The Early Modern Commons

Search Results for "Liberty"

Showing 1 - 20 of 274

Your search for posts with tags containing Liberty found 274 posts

This Week on Dispatches: Mark R. Anderson on the Fate of King George III’s Bust in Montreal

On this week’s Dispatches, host Brady Crytzer interviews independent historian and JAR contributor Mark R. Anderson on the fate of King George III’s bust... The post This Week on Dispatches: Mark R. Anderson on the Fate of King George III’s Bust...

Jonathan Trumbull: the Sixteenth “Pope” of Connecticut

In 1817, as popular sentiment finally forced Connecticut to adopt a new constitution separating church and state, Thomas Jefferson wrote to John Adams: “I... The post Jonathan Trumbull: the Sixteenth “Pope” of Connecticut appeared first on Journal...

King George III’s Montreal Bust in a Pattern of Iconoclasm

Throughout history, changes in political order have often been accompanied by the destruction of the old regime’s images and monuments. The July 9, 1776... The post King George III’s Montreal Bust in a Pattern of Iconoclasm appeared first on Journal...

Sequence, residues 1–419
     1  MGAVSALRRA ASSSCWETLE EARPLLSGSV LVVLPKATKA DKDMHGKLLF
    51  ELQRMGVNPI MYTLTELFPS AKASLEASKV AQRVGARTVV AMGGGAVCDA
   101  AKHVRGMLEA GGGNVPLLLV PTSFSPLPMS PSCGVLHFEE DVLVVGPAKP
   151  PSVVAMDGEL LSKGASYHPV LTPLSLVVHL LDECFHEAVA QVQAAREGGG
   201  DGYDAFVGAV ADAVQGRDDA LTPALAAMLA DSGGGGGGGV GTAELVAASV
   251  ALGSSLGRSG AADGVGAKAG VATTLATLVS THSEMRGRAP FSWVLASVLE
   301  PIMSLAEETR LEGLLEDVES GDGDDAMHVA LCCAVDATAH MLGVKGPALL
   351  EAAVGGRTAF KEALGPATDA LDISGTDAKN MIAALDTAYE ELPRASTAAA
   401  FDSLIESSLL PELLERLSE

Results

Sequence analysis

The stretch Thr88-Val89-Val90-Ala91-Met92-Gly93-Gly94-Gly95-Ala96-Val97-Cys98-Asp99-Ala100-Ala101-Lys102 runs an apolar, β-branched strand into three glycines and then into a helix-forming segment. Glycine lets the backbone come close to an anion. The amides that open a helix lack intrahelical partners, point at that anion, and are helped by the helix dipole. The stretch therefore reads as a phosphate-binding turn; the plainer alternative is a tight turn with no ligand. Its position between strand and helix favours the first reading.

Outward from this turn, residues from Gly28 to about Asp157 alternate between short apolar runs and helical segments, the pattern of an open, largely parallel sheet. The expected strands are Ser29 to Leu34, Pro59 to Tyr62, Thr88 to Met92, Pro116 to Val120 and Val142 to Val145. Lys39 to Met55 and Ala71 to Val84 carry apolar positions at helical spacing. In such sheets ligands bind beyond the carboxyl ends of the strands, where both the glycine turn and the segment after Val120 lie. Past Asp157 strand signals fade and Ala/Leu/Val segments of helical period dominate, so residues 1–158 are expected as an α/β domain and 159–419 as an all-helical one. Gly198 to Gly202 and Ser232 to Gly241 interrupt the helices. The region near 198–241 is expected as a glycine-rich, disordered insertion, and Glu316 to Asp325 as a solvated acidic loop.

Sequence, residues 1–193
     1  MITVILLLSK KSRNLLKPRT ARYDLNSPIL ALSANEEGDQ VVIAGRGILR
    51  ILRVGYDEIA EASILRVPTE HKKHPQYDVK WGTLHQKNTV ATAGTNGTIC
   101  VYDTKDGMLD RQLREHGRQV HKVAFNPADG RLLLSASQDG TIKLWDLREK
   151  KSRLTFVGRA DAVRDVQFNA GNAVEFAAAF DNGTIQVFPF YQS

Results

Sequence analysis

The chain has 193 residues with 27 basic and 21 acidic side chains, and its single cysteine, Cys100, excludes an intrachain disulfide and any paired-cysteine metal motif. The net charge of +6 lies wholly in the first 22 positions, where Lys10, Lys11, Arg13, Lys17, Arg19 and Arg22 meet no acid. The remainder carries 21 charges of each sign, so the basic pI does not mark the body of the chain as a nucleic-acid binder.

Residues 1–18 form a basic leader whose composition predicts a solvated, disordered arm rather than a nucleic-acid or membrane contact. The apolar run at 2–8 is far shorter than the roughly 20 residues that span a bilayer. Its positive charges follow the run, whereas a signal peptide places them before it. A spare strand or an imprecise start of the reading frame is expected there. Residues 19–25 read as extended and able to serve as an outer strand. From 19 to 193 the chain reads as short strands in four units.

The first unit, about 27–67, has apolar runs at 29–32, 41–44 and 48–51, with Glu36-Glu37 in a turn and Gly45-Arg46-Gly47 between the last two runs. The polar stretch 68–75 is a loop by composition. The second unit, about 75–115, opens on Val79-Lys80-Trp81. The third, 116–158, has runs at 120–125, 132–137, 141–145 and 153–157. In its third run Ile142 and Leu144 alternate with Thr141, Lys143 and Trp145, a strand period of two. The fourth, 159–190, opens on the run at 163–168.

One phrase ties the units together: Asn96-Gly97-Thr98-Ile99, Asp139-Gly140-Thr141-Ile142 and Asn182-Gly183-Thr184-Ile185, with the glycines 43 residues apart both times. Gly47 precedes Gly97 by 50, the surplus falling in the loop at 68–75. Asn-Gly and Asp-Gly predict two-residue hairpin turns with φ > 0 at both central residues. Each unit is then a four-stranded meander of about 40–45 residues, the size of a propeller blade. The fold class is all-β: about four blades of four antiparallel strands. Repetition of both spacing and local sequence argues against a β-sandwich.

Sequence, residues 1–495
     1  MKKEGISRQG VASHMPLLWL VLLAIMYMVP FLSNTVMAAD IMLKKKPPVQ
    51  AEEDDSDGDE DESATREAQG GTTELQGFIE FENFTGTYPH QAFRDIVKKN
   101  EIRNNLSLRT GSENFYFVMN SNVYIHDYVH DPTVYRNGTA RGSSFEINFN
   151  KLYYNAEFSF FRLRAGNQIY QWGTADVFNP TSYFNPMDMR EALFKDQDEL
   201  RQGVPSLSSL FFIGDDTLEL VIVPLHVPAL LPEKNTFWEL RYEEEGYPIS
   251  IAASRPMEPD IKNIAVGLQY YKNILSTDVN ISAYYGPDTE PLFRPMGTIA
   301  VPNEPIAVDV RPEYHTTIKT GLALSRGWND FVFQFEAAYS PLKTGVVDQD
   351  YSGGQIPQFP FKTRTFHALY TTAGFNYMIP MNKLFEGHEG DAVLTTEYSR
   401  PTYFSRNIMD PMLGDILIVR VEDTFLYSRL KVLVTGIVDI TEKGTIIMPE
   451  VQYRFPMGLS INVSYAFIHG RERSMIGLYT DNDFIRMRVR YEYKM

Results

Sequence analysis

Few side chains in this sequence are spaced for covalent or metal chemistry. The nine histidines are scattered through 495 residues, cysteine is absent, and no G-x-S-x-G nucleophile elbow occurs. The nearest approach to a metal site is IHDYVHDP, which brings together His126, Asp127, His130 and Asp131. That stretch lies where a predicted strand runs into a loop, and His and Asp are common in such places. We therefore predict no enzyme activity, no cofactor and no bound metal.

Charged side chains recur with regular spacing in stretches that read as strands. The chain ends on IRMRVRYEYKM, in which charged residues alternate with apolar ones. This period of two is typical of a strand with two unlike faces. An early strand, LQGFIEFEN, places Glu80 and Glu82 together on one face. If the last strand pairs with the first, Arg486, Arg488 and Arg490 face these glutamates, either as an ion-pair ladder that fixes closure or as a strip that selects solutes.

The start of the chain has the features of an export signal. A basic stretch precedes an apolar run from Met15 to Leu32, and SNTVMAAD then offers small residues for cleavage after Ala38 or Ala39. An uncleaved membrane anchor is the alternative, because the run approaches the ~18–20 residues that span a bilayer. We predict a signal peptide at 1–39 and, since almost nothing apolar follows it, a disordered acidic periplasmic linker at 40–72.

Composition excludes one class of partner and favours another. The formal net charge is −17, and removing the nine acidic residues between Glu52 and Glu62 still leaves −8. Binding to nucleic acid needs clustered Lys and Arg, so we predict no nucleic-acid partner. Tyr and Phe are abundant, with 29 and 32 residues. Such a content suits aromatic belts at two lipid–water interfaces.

Power and Liberty: Constitutionalism in the American Revolution

BOOK REVIEW: Power and Liberty: Constitutionalism in the American Revolution by Gordon S. Wood. (New York, NY: Oxford University Press, 2021) The eminent historian and author... The post Power and Liberty: Constitutionalism in the American Revolution...

This Week on Dispatches: Woody Holton on His New Book, Liberty is Sweet

On this week’s Dispatches, host Brady Crytzer interviews Woody Holton, distinguished historian, professor at the University of South Carolina, and JAR contributor, about his... The post This Week on Dispatches: Woody Holton on His New Book, <i>Liberty...